We are now ready to install solar panels and wind turbines. We are currently upgrading our battery system, and converting light circuits for 24v DC. 




We intend to set up a 1000 gallon propane tank in the fall. The current 500 gallon tank had to be filled once in the winter and it's hard for the delivery people to get to our place in winter. The larger tank will mean we need no gas deliveries in winter. Propane prices are cyclical and if you have to buy Propane in January you have to pay dearly for the privelege. By having enough storage capacity you can buy in the fall when prices are still sensible and then in the spring when prices have come back down. The larger tank should easily pay for itself over time.

Our home has a good wood stove, but we use propane for heat at night or when we feel lazy, or when we want to leave the house for a while.

We replaced the little RV fridge with a VestFrost 16 cu ft electric that is super efficient. It reduces the demand for propane and has a lot more cold storage capacity. It regulates temperature with extreme accuracy, and we want to get another with the doors opening the opposite way for a full 32 cu ft of side by side fridge and freezer.

Now you might be wondering why we would use an electric fridge. The reason is that eventually, we see using propane only as a backup fuel. We will have enough solar powered electricity generation to meet our needs easily. We are going to wait until we get the rest of the system in before we get the other fridge. The propane fridge works on a constant heat cycle principle. This means that a flame is burning all the time, putting extra heat in the home all the time. The summers here are hot, and we don't need the heat inside. The RV fridge is also not efficient and not designed to be used for a household. There was a time when full size home propane refridgerators were common, but not any more.. I think it would be a popular item, but I suspect that if it weren't for RVs there wouldn't be any propane fridges made.

Batteries for Solar Power Installations?

 

This is an area where you really don't want to compromise. The surest way to build a system that isn't cost effective is to use the wrong type of battery, not enough batteries, or to treat the good batteries you buy improperly. 

These mistakes can be avoided, and there are many good books available that can help you understand the principles involved. We'll outline a few guidelines here that can make a big difference to you, and more will be added as time goes by so keep checking in....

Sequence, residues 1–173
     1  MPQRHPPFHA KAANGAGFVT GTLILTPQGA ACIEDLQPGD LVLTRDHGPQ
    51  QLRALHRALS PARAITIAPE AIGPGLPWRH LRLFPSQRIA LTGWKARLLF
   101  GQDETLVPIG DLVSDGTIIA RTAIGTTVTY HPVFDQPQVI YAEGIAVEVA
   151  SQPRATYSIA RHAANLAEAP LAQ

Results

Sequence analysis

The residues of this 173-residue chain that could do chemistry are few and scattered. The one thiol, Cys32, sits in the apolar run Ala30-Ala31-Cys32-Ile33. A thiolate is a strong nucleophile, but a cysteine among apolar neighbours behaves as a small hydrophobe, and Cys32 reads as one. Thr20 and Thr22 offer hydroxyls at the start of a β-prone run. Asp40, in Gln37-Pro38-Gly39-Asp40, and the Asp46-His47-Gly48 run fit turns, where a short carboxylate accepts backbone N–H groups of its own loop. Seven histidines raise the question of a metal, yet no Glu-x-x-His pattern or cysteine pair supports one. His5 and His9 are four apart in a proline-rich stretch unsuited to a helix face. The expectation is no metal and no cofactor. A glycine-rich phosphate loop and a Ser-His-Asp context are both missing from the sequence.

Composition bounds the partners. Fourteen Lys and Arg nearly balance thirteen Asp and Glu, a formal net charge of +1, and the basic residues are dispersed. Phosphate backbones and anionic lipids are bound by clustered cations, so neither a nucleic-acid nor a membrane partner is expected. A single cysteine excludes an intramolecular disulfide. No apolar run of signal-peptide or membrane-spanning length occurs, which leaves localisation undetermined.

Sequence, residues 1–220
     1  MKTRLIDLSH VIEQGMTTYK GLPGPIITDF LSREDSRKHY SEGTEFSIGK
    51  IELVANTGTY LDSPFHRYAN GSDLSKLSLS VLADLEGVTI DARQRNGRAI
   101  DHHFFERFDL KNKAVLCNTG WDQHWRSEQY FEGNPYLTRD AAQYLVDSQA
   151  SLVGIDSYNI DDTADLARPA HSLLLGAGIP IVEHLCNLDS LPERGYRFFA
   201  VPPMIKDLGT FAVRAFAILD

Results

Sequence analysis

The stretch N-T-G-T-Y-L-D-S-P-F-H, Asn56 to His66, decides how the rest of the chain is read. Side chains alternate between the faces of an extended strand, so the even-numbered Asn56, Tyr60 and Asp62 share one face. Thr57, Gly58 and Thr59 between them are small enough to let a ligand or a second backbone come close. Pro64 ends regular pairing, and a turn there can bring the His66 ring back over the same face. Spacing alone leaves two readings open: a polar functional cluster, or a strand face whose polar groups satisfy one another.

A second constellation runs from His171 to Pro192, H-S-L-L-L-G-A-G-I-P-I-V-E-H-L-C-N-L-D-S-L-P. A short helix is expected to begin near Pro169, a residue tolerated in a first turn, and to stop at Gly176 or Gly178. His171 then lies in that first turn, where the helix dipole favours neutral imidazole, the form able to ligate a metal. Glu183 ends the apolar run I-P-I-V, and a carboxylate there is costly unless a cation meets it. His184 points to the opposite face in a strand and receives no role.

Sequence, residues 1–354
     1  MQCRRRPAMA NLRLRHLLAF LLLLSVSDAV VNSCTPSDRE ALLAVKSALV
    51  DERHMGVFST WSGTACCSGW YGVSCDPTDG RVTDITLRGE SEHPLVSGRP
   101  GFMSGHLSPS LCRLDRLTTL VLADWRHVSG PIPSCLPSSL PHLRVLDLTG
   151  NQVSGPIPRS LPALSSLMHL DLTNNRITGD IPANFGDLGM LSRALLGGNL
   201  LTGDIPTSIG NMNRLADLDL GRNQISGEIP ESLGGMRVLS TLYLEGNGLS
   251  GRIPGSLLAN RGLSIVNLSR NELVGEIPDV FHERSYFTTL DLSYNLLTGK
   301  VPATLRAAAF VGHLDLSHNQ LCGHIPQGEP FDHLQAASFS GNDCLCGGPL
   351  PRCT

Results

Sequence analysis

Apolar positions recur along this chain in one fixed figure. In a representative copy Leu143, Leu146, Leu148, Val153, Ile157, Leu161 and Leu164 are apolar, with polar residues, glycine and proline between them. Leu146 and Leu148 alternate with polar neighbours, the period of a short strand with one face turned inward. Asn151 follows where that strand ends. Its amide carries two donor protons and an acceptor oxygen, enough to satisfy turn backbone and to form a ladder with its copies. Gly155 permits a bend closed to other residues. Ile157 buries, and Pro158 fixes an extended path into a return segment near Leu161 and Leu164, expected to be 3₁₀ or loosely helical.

When you plan your battery system there are a few guidelines than be very helpful. Here is a short list:

Battery Considerations

  • Expected power requirements per day in amp/hrs
  • Expected useage (a few days per month or every day)
  • Maximum current demand
  • Desired lifetime of the battery system
  • Monitoring System desired to track battery system condition

How Big a Battery Bank??

Occasionally the sun and the wind will fail to provide sufficient power. When this happens your battery system must be large enough to provide all the power you need until the weather starts cooperating. The typical rule is to provide 3-4 days of power. If your daily need is 200 Ahrs, then you would want an 800 amp hour battery system. This is a typical battery bank size in use by those who continuously depend on their solar power system for daily living. A larger battery is often a good idea, but I advise not going higher than 10 times your daily requirements unless you have an unusual power requirement that necessitates a huge battery system.

If you are setting up a 'getaway retreat' that is used once or twice a month, your average power requirements are much smaller and you can probably get by with a battery bank capacity only twice your normal day of useage. Your solar panels can be very low power since there is plenty of time for your system to recharge before your next visit.

How Long will the Batteries Last? The longevity of battery systems vary widely. Cheap deep cycle batteries like 6V golf cart batteries, may be the lowest cost way to go in the long haul. Generally considered to last 2-3 years, this choice would mean that you would need to change them more often, but they are inexpensive so the trade off is longevity for lower cost. High priced batteries often need little or no maintenance and may last more than 20 years in demanding service.

One of the biggest factors in long life is monitoring your batteries so that they are not discharged too deeply. All batteries will last longer if they are discharged <= 25% before recharging. A battery might specify 80% as maximum discharge but this deep discharge shortens the life of your batteries.

Very high current demands from a small battery bank can cause severe stress to your batteries, even though the amp/hrs used is small. This is another case for a large battery capacity.

Unusual stress can also be placed on your battery system by charging at an excessive rate in relationship to battery bank size. A large wind generator system can charge at 150 amps at 24 volts. This means that you would want a large battery bank so that you can absorb these huge charge currents without excessive gassing. 10 times the maximum expected charge current is a good rule of thumb.

Over the life of your battery system the maximum voltage and apparent capacity will fade. This is normal aging and will always occur. Proper maintenance and minimizing the battery bank's work load will extend battery life considerably. One very good thing is that although the batteries will eventually become useless the aging process is gradual, giving you months or more warning before replacement is required.

This page will be added to and expanded to provide as much information as possible help you in this important area. Be sure to email your questions to us so that we can tailor information to cover things that we might miss, or gloss over issues that might need to be covered in greater detail.